COD ability. COD ability was tested over a 5 m + 5 m course with a turning point (90) represented by a cone. For a better description of the test please refer to the work of Trecroci et al. [22]. The distance between the starting line to the cone and between the cone to the finish line was 5 m each. The participants changed direction around the cone using the same side-step technique in each bout. There were planned 3 bouts in each direction and the average best performance (between right and left directions) time was considered. A 2 min recovery period was given between each bout. Then, together with the 10 m sprint time were used to calculate the COD deficit. Specifically, it was possible by subtracting the 10 m sprint time from the average best performance time. As previously suggested, COD deficit has the potential to assess an actual COD ability unbiased toward linear sprint capacity [23, 24].

Dribbling skill. To assess players’ dribbling skill was employed the sprint test with 90 turns whit ball (S90 with ball). All participants were asked to perform six 90 turns as fast as possible around six markers, within a 15 m course. For a better description of the test layout refer to the original work by Sporis et al. [25]. There were planned 3 trials while dribbling the ball with 2 min recovery period in between. The best performance time was integrated in the analysis.

Aerobic performance. Yo-yo intermittent recovery test level 1 (Yo-Yo IRT1) test was performed to assess player’s aerobic performance. The test consists of 2 × 20 m shuttle runs at increasing speeds, interspersed with 10 s of active recovery, controlled by audio signals according to the guidelines by Bangsbo et al. [26]. Once a participant was no longer able to maintain the required speed the test ended. At this stage, the distance achieved was recorded and integrated in the analysis.

2.6 Statistical Analysis

Data distribution was verified by the Shapiro Wilk’s test for each variable. Intra-class Correlation Coefficient (ICC – 3,1) was computed for reliability purposes. The aggregate physical performance score (AS) was computed by Principal Components Analysis (PCA) technique on normalized (min-max scaler approach) performance results. A stepwise regression with forward propagation analysis was conducted to assess potential association between anthropometry-based variables and AS. Statistical analysis was performed using Python 3.8 language programming, and the IBM SPSS Statistics software (v. 21, New York, NY, USA). The statistical significance was set at 0.05 (5%).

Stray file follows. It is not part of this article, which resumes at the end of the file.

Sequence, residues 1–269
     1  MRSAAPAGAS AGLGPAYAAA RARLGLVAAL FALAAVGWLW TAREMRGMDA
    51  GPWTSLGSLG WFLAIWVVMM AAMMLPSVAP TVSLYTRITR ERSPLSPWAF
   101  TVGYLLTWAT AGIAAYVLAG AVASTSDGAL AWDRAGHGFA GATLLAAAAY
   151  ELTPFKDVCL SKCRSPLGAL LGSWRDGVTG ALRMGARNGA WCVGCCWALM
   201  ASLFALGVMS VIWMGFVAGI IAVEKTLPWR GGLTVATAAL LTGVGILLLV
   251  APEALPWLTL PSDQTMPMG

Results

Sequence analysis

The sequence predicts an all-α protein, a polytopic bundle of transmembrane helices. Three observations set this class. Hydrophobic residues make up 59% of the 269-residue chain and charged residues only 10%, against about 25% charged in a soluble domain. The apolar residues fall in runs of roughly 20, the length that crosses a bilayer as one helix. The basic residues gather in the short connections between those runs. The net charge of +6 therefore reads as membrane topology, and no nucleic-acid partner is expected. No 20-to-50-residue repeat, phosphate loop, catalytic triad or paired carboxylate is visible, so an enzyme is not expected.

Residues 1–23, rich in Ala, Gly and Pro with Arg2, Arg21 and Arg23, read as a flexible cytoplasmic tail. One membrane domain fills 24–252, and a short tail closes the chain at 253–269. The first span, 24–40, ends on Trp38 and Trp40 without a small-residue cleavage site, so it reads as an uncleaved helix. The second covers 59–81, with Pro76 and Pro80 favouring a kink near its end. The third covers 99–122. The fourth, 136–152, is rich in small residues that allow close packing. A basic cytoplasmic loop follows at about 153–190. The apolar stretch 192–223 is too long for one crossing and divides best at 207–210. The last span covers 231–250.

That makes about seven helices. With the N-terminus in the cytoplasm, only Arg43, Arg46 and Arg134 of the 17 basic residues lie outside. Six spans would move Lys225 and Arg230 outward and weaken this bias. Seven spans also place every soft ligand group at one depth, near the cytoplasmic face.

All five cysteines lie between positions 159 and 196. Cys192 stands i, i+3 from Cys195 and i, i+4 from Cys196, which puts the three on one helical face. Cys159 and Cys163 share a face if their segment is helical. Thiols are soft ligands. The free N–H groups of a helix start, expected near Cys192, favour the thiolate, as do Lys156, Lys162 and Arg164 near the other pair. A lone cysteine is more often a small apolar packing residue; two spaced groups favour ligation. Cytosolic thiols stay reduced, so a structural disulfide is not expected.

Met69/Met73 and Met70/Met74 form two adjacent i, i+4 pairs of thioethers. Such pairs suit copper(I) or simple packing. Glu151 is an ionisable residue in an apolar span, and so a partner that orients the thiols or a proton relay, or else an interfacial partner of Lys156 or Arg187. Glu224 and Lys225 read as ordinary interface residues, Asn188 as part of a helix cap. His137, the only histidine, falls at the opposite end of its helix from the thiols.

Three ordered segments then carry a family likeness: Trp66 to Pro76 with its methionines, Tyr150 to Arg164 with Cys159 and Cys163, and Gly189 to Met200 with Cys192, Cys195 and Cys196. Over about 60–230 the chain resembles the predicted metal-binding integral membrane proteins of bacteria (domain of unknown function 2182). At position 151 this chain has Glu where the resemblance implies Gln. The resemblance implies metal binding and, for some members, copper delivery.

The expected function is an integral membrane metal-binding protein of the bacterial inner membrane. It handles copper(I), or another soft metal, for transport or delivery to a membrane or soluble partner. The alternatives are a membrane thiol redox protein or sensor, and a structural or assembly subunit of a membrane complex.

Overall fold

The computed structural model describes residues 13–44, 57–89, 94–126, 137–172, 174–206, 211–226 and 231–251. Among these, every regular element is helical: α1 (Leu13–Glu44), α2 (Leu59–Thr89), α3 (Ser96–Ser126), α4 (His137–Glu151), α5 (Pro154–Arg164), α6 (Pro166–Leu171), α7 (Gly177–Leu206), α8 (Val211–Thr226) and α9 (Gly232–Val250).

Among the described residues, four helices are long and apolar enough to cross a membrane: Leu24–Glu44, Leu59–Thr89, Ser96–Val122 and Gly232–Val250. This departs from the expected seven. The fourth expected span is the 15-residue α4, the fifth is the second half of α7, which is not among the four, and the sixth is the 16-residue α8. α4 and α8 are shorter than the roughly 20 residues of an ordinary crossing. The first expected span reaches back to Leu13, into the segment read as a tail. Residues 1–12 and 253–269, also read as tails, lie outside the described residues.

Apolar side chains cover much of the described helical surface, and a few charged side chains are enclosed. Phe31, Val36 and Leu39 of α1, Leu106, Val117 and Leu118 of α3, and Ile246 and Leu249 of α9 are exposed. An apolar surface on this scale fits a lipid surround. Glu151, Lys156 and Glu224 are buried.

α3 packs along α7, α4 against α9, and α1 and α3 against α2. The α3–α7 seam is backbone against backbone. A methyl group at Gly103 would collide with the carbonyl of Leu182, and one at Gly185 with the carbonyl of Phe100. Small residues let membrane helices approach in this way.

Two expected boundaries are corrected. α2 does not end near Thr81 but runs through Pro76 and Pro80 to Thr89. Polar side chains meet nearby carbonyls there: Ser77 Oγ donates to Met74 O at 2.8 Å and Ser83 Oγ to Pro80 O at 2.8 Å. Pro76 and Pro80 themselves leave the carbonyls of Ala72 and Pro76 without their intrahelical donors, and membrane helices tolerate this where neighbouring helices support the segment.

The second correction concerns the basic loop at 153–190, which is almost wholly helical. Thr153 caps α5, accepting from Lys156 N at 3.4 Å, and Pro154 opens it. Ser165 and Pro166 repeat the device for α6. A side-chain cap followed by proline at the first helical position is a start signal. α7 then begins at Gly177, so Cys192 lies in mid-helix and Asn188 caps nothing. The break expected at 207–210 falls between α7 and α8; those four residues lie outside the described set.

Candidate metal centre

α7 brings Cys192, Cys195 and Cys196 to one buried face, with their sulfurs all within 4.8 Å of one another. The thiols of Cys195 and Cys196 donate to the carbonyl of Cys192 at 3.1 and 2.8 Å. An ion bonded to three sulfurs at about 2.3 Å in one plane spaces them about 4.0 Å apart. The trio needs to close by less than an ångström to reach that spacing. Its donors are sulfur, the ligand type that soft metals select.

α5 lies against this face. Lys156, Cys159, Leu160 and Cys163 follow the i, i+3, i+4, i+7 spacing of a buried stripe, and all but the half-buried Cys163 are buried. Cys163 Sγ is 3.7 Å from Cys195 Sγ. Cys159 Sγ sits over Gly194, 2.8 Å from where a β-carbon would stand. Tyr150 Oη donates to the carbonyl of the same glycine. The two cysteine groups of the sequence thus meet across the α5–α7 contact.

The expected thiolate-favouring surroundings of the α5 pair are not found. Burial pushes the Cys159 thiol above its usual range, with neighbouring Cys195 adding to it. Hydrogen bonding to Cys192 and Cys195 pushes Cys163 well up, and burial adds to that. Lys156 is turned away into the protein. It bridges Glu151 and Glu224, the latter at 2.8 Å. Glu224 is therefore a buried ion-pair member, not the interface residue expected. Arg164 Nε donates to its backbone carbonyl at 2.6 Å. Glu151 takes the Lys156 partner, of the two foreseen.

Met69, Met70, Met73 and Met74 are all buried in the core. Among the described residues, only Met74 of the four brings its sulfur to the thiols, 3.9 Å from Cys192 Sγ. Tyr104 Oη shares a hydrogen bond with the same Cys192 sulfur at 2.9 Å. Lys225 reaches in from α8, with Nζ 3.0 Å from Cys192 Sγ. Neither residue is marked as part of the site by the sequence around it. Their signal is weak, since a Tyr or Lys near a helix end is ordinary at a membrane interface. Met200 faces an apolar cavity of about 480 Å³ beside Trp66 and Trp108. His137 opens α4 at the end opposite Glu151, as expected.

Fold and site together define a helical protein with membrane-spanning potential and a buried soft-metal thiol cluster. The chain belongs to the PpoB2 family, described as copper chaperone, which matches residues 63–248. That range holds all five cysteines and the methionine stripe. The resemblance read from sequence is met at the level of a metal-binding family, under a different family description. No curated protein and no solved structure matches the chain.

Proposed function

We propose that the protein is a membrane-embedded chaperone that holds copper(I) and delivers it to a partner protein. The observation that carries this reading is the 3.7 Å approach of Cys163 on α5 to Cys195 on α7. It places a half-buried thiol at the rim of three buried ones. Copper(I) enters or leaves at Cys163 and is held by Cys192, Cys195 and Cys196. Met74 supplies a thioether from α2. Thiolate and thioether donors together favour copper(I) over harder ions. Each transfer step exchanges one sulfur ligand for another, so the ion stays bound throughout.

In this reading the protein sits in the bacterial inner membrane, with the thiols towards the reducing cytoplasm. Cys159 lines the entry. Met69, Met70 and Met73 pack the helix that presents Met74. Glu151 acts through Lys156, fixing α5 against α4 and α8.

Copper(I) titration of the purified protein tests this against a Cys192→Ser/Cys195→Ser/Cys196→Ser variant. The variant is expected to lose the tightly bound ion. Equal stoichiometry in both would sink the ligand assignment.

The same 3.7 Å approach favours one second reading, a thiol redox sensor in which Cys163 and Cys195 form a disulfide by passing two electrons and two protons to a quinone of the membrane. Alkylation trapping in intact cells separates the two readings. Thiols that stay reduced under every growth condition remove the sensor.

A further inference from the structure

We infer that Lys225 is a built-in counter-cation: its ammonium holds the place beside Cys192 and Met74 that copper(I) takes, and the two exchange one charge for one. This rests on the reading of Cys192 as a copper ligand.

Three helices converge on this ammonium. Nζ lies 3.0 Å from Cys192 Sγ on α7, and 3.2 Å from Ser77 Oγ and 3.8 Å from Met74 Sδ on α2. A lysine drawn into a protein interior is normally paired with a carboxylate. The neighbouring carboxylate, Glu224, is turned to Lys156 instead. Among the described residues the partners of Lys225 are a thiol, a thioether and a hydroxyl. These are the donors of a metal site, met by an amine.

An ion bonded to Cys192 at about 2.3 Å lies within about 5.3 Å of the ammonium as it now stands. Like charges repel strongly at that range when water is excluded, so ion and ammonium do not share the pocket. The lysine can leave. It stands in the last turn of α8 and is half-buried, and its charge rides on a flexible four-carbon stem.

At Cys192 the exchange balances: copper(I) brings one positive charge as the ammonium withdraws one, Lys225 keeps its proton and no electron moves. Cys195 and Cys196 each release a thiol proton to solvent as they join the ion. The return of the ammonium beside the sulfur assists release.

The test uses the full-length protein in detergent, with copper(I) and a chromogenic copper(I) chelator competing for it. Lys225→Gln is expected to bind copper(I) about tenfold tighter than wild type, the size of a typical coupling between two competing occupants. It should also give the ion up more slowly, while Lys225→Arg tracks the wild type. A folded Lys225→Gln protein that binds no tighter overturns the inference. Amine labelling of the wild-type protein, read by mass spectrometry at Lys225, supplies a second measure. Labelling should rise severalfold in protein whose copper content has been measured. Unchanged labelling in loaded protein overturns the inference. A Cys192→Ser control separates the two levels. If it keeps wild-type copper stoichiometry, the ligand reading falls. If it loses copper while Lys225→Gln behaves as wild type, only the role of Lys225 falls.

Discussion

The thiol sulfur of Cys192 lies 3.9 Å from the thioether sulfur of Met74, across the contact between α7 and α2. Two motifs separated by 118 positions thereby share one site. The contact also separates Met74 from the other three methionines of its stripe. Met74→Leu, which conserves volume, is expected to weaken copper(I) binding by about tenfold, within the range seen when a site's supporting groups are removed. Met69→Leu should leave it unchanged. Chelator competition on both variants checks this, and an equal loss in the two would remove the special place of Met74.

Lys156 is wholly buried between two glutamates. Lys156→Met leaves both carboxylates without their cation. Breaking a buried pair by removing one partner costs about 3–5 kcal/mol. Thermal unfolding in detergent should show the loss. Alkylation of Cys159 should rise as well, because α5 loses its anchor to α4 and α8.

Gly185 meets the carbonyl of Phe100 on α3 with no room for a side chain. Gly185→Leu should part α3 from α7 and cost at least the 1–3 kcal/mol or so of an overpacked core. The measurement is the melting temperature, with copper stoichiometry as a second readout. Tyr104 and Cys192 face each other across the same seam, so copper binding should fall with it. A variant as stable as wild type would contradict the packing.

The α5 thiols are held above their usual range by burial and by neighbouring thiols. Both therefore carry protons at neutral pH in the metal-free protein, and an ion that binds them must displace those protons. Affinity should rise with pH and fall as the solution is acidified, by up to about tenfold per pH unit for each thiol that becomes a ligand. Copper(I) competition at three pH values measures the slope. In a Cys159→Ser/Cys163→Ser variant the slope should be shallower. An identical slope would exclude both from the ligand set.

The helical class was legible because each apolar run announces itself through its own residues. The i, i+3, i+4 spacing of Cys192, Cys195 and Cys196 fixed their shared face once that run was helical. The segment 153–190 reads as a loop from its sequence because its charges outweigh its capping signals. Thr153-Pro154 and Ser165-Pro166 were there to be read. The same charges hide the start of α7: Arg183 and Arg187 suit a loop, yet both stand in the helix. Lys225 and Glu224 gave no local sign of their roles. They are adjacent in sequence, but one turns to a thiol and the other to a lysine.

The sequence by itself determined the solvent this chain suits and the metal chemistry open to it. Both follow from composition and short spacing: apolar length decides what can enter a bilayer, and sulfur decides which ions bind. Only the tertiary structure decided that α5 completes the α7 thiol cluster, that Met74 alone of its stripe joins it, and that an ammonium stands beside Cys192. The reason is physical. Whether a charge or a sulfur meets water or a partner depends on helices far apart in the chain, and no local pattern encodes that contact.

3. Results

ICC values showed good-to-high reliability within the physical performance test ranging from 0.89 to 0.94. The AS score created by three components PCA explained 94% of the total variance of the performance test. Strong negative correlation was detected between AS score and sprint 10 m (r = –0.98, p < 0.001), sprint 20 m (r = –0.95, p < 0.001), CMJ (r = –0.89, p < 0.001), and COD (r = –0.80, p < 0.001), respectively. Moreover, low correlation coefficient was detected between AS score and Yo-Yo IRT1 test (r = –0.05, p > 0.1), and S90 with ball (r = –0.40, p > 0.05). Correlation analysis between AS score and morphological data was reported in Fig. 1. In particular, AS score was negatively correlated with morphological data such as UACC (r = –0.75, p < 0.001), UARC (r = –0.68, p < 0.05), AMA (r = –0.68, p < 0.05), and AMC (r = –0.68, p < 0.05). Table 1 and Eqn. 1 shows the stepwise linear regression outcome. Specifically, only UACC and TMC were included in the final model as the best predictors of the AS. Both variables explained 60% of the AS variance (p < 0.001).

Fig. 1.

Correlation matrix on a heat map. Note: UARC, upper arm relaxed circumference; UACC, upper arm contracted circumference; SPG, suprapatellar girth; WC, waist circumference; HC, hip circumference; Ʃ8 SKF, sum of 8 skinfolds; Ʃ4 SKF, sum of 4 skinfolds; Ʃ2 SKF, sum of 2 skinfolds; TFA, thigh fat area; TMA, thigh muscle area; AFA, arm fat area; AMA, arm muscle area; AMAcorr, corrected arm muscle area; AMC, arm muscle circumference; TMC, thigh, muscle circumference; FFM, fat-free mass.

Table 1.Stepwise linear regression analysis.
Predictor Coefficient t-score p-value
Constant 3.572 ± 1.605 2.226 0.044
UACC –0.278 ± 0.061 –4.549 0.001
TMC 0.089 ± 0.046 2.925 0.036
Note: UACC, upper arm contracted circumference; TMC, thigh muscle circumference.

(1) AS = 3.572 - 0.278 × UACC × - 0.278 + 0.089 × TMC

4. Discussion

The main findings of this study revealed that UACC and TMC predicted the AS in young elite soccer players. In other words, measures of upper and lower limbs were informative enough to explain most of the variance of a holistic performance underpinning short sprints, vertical jump, COD, dribbling, and aerobic performance qualities. To the extent of the authors’ knowledge, this is the first study taking into account the potential association between anthropometric measures and an overall physical performance status in youth elite soccer.